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Development, Reliability, and Validity of the Alberta Perinatal Stroke Project Parental Outcome Measure

  • Taryn B. Bemister
    Affiliations
    Department of Psychology, University of Calgary, Calgary, Alberta, Canada

    Alberta Children's Hospital Research Institute, University of Calgary, Calgary, Alberta, Canada
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  • Brian L. Brooks
    Affiliations
    Alberta Children's Hospital Research Institute, University of Calgary, Calgary, Alberta, Canada

    Neurosciences (Brain Injury and Rehabilitation Programs), Alberta Children's Hospital, Calgary, Alberta, Canada

    Department of Paediatrics, University of Calgary, Calgary, Alberta, Canada

    Department of Clinical Neurosciences, University of Calgary, Calgary, Alberta, Canada
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  • Adam Kirton
    Correspondence
    Communications should be addressed to: Dr. Kirton; Section of Neurology; Alberta Children's Hospital; Room C1-320, 2888 Shaganappi Trail NW; Calgary, Alberta, Canada. T3B 6A8
    Affiliations
    Alberta Children's Hospital Research Institute, University of Calgary, Calgary, Alberta, Canada

    Department of Paediatrics, University of Calgary, Calgary, Alberta, Canada

    Department of Clinical Neurosciences, University of Calgary, Calgary, Alberta, Canada

    Calgary Pediatric Stroke Program, Calgary, Alberta, Canada
    Search for articles by this author

      Abstract

      Background

      Perinatal stroke is a leading cause of cerebral palsy and lifelong disability, although parent and family outcomes have not yet been studied in this specific population. The Alberta Perinatal Stroke Project Parental Outcome Measure was developed as a 26-item questionnaire on the impact of perinatal stroke on parents and families.

      Methods

      The items were derived from expert opinion and scientific literature on issues salient to parents of children with perinatal stroke, including guilt and blame, which are not well captured in existing measures of family impact. Data were collected from 82 mothers and 28 fathers who completed the Parental Outcome Measure and related questionnaires (mean age, 39.5 years; mean child age, 7.4 years). Analyses examined the Parental Outcome Measure's internal consistency, test-retest reliability, validity, and factor structure.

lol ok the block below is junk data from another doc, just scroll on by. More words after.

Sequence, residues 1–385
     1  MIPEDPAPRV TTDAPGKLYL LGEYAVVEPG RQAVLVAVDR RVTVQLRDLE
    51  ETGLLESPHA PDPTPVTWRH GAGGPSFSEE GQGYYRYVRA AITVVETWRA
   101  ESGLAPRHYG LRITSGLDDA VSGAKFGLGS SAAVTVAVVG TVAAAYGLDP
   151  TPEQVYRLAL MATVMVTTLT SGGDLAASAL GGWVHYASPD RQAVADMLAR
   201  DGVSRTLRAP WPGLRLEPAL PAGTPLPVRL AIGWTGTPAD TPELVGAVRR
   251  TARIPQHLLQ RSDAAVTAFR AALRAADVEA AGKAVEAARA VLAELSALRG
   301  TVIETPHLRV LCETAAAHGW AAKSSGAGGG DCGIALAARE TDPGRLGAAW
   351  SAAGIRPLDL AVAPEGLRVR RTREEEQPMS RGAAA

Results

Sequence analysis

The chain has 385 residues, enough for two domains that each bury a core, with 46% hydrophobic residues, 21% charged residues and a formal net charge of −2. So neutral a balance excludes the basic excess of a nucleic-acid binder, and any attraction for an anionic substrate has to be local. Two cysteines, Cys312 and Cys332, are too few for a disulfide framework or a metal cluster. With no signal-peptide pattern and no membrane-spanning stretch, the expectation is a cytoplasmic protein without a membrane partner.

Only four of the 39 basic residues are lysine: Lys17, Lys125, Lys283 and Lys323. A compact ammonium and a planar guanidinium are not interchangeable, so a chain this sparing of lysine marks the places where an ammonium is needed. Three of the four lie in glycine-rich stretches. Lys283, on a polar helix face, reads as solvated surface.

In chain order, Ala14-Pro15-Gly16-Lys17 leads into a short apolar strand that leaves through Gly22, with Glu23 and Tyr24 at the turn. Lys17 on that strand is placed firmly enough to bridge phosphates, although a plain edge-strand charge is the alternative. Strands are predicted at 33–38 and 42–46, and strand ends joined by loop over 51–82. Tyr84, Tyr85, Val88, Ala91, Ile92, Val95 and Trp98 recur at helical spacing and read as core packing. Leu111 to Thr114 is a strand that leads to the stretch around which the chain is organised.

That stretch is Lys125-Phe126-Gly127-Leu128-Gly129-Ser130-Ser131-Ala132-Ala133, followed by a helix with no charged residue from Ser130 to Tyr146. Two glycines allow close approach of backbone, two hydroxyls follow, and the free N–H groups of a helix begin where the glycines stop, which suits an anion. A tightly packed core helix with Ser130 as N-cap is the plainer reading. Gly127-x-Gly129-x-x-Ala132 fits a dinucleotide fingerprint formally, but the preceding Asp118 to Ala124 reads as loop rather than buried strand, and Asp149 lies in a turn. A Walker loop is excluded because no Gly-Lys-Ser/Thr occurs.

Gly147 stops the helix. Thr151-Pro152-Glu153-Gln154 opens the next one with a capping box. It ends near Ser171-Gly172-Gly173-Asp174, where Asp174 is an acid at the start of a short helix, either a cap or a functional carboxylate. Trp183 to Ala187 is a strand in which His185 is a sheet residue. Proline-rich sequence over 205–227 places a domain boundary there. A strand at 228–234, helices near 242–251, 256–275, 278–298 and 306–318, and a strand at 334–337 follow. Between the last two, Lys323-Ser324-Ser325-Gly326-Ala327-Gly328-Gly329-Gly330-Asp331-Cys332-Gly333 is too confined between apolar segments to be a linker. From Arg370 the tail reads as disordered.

Results

      The Parental Outcome Measure demonstrated three unique theoretical constructs: Psychosocial Impact, Guilt, and Blame. The Parental Outcome Measure has excellent internal consistency (Cronbach α = 0.91) and very good test-retest reliability more than 2-5 weeks (r = 0.87). Regarding validity, the Parental Outcome Measure is sensitive to condition severity, accounts for additional variance in parent outcomes, and strongly correlates with measures of anxiety, depression, stress, quality of life, family functioning, and parent adjustment.

      Conclusions

      The Parental Outcome Measure contributes to the literature as the first brief measure of family impact designed for parents of children with perinatal stroke.

      Keywords

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